Merci Suárez knew that sixth grade would be different, but she had no idea just how different. For starters, Merci has never been like the other kids at her private school in Florida, because she and her older brother, Roli, are scholarship students. They don't have a big house or a fancy boat, and they have to do extra community service to make up for their free tuition. So when bossy Edna Santos sets her sights on the new boy who happens to be Merci's school-assigned Sunshine Buddy, Merci becomes the target of Edna's jealousy.
Things aren't going well at home, either: Merci's grandfather and most trusted ally, Lolo, has been acting strangely lately — forgetting important things, falling from his bike, and getting angry over nothing. No one in her family will tell Merci what's going on, so she's left to her own worries, while also feeling all on her own at school. In a coming-of-age tale full of humor and wisdom, award-winning author Meg Medina gets to the heart of the confusion and constant change that defines middle school — and the steadfast connection that defines family.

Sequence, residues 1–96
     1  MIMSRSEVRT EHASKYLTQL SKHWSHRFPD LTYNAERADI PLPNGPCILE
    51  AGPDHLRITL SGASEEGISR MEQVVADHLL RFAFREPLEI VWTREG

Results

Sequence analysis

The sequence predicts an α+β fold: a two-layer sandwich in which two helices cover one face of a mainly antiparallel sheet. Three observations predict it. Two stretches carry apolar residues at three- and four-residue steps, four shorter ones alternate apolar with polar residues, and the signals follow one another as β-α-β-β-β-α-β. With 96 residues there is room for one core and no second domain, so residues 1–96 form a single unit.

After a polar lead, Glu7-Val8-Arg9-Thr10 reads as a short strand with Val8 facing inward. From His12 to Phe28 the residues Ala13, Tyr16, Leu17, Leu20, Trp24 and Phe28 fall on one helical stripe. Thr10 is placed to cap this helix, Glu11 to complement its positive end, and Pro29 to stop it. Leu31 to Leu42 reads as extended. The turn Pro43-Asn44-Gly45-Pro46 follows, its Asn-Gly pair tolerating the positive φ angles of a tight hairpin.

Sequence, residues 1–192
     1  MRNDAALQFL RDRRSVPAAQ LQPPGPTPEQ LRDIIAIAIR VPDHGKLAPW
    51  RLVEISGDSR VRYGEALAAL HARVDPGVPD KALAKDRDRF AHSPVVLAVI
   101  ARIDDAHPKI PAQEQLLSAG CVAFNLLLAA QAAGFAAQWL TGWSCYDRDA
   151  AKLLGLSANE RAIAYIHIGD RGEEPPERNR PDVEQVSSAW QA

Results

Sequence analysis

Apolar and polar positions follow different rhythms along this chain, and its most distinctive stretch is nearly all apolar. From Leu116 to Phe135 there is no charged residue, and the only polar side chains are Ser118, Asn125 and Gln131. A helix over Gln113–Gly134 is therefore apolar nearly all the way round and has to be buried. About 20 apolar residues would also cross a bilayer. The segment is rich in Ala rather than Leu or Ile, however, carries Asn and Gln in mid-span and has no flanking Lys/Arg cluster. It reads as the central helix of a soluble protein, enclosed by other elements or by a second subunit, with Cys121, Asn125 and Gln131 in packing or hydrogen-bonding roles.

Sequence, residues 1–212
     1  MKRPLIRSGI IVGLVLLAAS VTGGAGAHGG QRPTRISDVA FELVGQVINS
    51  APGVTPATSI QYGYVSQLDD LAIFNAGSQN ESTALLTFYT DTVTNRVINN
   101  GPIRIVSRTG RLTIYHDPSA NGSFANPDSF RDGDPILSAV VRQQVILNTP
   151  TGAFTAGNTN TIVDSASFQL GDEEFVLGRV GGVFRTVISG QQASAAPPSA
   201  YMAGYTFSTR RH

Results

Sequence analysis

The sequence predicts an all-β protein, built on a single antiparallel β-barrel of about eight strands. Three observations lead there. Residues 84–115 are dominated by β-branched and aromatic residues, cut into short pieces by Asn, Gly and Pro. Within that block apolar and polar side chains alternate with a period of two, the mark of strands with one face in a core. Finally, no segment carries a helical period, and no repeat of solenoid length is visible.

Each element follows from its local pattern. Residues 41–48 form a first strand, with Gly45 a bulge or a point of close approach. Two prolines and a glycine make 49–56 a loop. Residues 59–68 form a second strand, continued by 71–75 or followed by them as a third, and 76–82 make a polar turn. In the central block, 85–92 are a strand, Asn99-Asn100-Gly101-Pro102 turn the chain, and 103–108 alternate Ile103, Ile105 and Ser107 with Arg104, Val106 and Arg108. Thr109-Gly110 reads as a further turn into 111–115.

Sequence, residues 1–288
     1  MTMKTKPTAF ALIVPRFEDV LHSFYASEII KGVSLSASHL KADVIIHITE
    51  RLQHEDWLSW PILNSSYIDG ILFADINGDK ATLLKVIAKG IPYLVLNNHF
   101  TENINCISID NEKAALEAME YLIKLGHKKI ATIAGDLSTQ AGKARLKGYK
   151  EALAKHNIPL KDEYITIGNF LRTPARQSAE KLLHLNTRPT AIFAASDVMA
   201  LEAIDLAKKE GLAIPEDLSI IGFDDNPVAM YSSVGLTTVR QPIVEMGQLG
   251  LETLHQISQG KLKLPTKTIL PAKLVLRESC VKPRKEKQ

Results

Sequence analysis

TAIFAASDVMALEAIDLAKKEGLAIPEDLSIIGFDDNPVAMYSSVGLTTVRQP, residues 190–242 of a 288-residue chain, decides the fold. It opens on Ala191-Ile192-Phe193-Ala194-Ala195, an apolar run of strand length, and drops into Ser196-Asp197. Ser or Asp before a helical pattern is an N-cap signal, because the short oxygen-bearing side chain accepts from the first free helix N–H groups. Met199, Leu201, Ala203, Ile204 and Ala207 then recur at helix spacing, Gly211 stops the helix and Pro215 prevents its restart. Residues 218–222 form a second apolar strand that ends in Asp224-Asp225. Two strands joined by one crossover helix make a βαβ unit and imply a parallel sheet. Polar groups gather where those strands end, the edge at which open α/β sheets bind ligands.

Merci and her family return in the sequel, Merci Suárez Can't Dance.
"Merci doesn’t feel much pressure to be anyone but herself, but her self-assuredness ('It’s never too early to work on your corporate leadership skills,' she declares at one point) makes her a target.... [However] Medina keeps the tone light as Merci’s take-charge personality helps her to succeed in this coming-of-age tale about family and the perils of sixth grade." — Publishers Weekly
|Recommended Age||9 - 12|
|Publication Date||Sep 11, 2018|
|Award Winners||Newbery Medal|